Music by Magpie • Music, the Month of Love and the chills

February 28, 2018
Music by Magpie • Music the month of love and the chills • Margaret Whitfield
It being the month of love and all,

I found it fitting to incorporate this ‘love’ business  into my blog post, but since I’m not currently ‘in Love’ and I’m not really an expert at this sort of thing, I thought I’d compare it to something I do know a bit about, and that’s Music.

Science tells us that it’s completely normal to feel out of your mind when falling for someone, and even to feel butterflies in your stomach, and goose bumps on your arms. A recent study by the Kinsey Institute found that when studying the brain of someone falling in love it looks very similar to the brain of a person who has taken cocaine. This is the result of a chemical called Dopamine being released in both instances, basically a feeling of euphoria.

Music by Magpie • Music the month of love and the chills • Margaret Whitfield

Have you ever felt a chill run up your spine or felt goose bumps on your arms when listening to a great piece of music?  For the longest time I thought I was unique, and that I was some sort of music loving unicorn, turns out that I was in fact wrong (not something that happens very often I might add) and that this feeling occurs in about two thirds of the population when listening to a great tune.

The chills

There have been studies, loads of studies and this experience even has a fancy French name, it is called ‘frisson’, which means aesthetic chills, and it feels like waves of pleasure running over your skin. These researchers have concluded that listeners were experiencing frisson as a result of a deeply emotional reaction they were having to the music. And that this deep emotional reaction also releases dopamine in the brain at moments of peak enjoyment, you see where I’m going with this…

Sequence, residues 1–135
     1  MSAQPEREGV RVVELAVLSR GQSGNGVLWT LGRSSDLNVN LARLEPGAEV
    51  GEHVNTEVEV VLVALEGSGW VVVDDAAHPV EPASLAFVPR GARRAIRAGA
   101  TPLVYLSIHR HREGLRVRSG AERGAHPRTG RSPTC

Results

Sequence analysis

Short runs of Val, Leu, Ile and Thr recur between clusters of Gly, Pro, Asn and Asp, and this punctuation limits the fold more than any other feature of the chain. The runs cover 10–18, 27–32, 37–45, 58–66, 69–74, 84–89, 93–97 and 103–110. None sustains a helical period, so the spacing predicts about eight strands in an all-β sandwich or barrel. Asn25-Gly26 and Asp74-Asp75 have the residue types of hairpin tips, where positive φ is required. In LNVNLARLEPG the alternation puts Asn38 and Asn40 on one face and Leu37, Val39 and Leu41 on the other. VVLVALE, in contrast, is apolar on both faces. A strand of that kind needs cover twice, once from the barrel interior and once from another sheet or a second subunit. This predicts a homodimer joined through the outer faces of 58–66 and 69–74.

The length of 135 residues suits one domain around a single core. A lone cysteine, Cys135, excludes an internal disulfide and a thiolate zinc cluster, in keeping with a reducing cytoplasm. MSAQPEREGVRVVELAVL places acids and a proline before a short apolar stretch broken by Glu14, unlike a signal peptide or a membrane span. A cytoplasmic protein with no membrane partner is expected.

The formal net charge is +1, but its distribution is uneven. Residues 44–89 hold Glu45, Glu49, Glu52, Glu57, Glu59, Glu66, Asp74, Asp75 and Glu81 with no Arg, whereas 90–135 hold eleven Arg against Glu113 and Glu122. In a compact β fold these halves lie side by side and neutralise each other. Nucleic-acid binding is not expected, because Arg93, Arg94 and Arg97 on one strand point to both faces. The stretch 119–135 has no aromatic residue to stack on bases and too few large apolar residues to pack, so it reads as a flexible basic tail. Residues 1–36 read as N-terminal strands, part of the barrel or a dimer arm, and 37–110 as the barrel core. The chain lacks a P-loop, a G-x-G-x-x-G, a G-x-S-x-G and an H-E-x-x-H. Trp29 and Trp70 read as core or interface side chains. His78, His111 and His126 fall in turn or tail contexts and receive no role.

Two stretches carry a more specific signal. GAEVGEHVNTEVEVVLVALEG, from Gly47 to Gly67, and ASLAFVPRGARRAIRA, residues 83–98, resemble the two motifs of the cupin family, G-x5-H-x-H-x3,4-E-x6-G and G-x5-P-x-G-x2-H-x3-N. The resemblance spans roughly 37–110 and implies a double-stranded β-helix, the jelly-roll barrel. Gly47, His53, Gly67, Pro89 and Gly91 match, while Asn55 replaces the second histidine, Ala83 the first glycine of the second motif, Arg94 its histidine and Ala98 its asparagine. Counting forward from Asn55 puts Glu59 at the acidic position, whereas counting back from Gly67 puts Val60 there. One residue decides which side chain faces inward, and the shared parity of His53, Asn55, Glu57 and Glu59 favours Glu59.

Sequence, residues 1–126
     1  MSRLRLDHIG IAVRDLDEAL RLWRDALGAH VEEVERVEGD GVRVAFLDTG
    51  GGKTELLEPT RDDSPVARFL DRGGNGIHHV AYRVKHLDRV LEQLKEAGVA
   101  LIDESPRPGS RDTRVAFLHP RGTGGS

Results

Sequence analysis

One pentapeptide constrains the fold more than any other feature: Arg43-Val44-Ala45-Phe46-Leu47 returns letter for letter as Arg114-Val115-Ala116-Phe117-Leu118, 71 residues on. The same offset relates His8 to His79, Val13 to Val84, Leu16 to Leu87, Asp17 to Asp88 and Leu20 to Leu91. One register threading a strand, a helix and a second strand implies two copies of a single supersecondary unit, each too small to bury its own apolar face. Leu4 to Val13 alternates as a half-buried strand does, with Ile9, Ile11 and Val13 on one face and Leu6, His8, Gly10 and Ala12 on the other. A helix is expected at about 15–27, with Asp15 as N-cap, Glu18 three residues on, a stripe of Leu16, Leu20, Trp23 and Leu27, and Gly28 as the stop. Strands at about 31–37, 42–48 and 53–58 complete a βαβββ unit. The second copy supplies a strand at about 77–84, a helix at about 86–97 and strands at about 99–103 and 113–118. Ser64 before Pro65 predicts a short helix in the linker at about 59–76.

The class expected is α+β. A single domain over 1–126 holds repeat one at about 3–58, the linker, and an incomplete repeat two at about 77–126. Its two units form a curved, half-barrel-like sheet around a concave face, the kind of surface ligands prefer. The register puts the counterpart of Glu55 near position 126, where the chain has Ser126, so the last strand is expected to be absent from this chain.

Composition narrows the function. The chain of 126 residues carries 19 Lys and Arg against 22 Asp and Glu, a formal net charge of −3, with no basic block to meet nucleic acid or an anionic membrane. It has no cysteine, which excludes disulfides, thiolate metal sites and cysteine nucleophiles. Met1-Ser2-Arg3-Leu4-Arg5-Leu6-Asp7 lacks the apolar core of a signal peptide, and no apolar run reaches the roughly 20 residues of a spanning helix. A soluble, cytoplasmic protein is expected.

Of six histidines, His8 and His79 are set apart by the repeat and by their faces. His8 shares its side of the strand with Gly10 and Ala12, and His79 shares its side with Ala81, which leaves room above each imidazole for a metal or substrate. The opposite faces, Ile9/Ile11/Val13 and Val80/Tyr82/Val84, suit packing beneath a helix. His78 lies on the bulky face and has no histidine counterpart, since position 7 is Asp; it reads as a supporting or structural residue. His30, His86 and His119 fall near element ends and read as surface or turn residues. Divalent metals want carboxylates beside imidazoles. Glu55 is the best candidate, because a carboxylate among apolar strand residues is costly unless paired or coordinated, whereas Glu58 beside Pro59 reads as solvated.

Music by Magpie • Music the month of love and the chills • Margaret Whitfield

Yet, MUSIC is not concrete or palpable, you can’t see it, and you can’t eat it, drink it or mate with it. It offers no protection against nature’s elements, nor does it mend broken bones, yet we humans have always loved it. This poses the question, why does this ‘thingless’ thing hold such infinite intrinsic value and make us feel the chills?

It was the great Bob Marley who said “One good thing about music, when it hits you, you feel no pain”…

If I had to muster a guess it would be because we feel it, it evokes emotions. Music brings people together, it makes everything better, basically it reminds us what a gift it is to be alive and breathing. Music inspires laughter, tears, song and dance, it tells stories, captures complex emotions and breeds diversity. It expresses the inexpressible, making bad times bearable, and good times even better.

Music by Magpie • Music the month of love and the chills • Margaret Whitfield

Music makes us remember times gone by, it promises good times to come and just hearing a song can take you back to a specific moment it time, flooding your brain with memories. It’s soothing and emotive at the same time, It works its way down from your head to your toes and can breathe new life into every fiber of your being.

To sum up, both love and music make us feel good, like we can conquer the world, so if you haven’t had a romantic February, listen to a few of your favourite songs, maybe something you haven’t heard in a while, maybe that will give you the chills, and as the great Will Shakespeare said, ‘If music be the food of love, Play on’….


Written by Margaret Whitfield • DJ Magpie • our in-house Music Maven

dj magpie


You Might Also Like